Cherry and Vanilla Charlotte Russe

Very pleased with my layers in the end! The jelly sank below the top of the bavarois but formed a clear layer in the centre.

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Recipe:

  • 1 packet sponge fingers
  • 1 packet black cherry jelly
  • 200 ml double cream
  • Cherries to decorate

For the genoise sponge:

  • 4 large free egg yolks
  • 125 g caster sugar
  • 125 g self raising flour
  • 30 g unsalted butter, melted

For the vanilla  bavarois:

  • 2 medium egg yolks
  • 62.5 g golden caster sugar
  • 250 ml semi skimmed milk
  • 0.5 tsp vanilla bean paste
  • 3 sheets of leaf gelatine, soaked in cold water for five minutes
  • 250 ml lightly whipped cream

Method:

  1. First, make the genoise sponge. Whisk the egg yolks and sugar together using an electric hand whisk, until it reaches the ribbon stage.
  2. Fold in the flour and melted butter.
  3. Spoon the batter into a 7 inch square silicone pan, and bake for approx. 15 minutes at 180 degrees.
  4. Allow to cool on a rack.
  5. Cut out a circle just smaller than the base of your cake tin once it is completely cool.
  6. Line your cake tin with clingfilm, I used a deep seven inch round tin I use for Christmas cakes.
  7. Place your sponge circle in the bottom of the tin.
  8. Stand the spong fingers around the edges of the tin.
  9. Now make the bavarois.
  10. Whisk the egg yolks and caster sugar in a bowl, until thick and doubled in volume.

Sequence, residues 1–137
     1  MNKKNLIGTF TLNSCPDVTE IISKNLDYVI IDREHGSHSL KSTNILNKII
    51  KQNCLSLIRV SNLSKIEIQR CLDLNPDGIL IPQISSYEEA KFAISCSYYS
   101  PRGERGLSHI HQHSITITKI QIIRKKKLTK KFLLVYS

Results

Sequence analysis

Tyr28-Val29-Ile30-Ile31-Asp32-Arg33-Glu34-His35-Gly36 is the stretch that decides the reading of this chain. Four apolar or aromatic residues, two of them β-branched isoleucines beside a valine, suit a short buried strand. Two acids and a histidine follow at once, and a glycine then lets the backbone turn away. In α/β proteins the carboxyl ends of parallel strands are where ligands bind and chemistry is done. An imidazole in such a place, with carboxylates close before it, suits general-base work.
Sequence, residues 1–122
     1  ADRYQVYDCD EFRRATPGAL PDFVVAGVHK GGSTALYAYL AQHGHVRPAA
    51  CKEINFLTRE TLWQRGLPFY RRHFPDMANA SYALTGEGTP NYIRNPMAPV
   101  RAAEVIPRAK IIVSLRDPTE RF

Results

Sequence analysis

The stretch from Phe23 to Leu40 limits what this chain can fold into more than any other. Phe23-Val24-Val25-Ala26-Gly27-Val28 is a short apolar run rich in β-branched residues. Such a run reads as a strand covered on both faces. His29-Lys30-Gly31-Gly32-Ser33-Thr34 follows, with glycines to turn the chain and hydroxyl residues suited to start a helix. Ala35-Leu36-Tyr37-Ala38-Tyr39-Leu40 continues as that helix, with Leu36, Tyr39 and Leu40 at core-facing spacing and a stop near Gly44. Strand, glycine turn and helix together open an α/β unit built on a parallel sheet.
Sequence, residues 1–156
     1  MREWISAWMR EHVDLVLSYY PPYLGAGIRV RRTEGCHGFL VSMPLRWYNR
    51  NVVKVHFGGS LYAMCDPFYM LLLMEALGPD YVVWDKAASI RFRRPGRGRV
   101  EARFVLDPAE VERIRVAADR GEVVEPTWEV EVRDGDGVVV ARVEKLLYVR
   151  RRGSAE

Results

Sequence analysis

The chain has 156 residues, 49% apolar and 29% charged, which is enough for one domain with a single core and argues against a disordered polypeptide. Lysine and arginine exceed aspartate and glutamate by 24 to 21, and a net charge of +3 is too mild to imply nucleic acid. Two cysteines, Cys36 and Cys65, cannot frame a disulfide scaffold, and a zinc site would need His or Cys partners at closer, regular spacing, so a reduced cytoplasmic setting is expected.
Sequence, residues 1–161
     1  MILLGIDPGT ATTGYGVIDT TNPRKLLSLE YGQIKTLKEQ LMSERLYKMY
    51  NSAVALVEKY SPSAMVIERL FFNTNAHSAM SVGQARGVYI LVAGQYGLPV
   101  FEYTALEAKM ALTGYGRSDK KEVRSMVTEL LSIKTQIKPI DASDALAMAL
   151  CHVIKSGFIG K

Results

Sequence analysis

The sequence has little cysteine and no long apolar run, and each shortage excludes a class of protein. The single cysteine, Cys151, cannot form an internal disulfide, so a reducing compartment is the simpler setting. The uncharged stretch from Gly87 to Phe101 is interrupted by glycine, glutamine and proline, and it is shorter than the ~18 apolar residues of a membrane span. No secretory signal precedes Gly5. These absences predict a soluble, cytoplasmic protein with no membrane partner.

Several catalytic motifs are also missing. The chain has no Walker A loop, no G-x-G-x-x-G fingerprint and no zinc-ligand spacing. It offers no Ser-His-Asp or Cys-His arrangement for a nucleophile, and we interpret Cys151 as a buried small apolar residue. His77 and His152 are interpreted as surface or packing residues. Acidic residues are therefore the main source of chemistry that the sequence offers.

11. Place the milk and vanilla bean paste in a large plastic jug. Microwave for two minutes approx on high, until it is nearly at boiling point.
  12. Add the milk to the egg yolk and sugar mixture and whisk briefly.
  13. Place the bowl in the microwave and heat on high for one to two minutes, stirring after each minute, until the mixture coats the back of a wooden sooon.
  14. Drain the leaf gelatine and stir it in until completely dissolved.
  15. Fold in the lightly whipped cream.
  16. Pout the bavarois into the tin on top of the genoise sponge, and refrigerate until set.
  17. Once set, make the jelly up as per the packet instructions. Wait until it has cooled down! (Which I obviously did not manage to do).
  18. Pour the cool jelly mixture on top of the bavarois and place in the fridge to set. This took four hours for me.
  19. Once set, use the edge of the clingfilm lining your tin to pull the Charlotte out. Remove the clingfilm and place it on your serving dish or cake stand.
  20. Whip your remaining cream to soft peak stage, and pipe it on as desired using a piping bag.